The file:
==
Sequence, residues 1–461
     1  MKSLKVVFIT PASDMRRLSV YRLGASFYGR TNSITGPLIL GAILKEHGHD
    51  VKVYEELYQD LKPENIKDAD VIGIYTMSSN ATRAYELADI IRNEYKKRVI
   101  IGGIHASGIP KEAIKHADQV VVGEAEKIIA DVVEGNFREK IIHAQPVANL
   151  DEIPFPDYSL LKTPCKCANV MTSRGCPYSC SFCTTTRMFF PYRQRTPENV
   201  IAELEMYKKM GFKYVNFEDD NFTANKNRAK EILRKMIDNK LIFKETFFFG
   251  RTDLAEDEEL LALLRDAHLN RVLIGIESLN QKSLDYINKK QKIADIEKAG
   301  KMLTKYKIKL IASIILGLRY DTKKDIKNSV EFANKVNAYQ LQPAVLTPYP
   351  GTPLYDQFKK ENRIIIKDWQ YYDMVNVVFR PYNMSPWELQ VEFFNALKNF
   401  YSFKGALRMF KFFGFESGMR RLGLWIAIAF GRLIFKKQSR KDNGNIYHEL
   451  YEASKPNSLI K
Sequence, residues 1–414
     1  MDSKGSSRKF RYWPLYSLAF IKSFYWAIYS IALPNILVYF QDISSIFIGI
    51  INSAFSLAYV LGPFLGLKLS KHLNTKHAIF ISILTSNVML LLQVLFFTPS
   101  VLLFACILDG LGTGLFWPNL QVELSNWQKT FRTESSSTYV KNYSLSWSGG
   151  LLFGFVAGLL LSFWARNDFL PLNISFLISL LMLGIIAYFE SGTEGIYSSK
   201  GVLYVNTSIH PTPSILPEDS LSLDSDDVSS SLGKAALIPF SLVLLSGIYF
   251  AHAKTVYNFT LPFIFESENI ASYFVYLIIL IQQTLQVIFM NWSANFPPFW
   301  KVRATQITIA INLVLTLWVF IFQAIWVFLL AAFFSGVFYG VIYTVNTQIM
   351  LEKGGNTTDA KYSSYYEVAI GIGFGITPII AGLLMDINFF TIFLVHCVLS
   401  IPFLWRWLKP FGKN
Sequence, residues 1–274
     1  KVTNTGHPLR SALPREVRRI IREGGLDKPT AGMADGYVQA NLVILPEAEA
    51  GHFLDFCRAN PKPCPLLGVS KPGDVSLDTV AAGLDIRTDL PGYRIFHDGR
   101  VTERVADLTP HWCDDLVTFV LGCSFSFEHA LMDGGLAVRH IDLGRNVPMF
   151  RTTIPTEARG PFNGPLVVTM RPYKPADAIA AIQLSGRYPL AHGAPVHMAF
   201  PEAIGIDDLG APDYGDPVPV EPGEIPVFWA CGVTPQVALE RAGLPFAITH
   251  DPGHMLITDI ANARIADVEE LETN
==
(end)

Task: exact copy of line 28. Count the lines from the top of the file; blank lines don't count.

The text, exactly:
   251  DPGHMLITDI ANARIADVEE LETN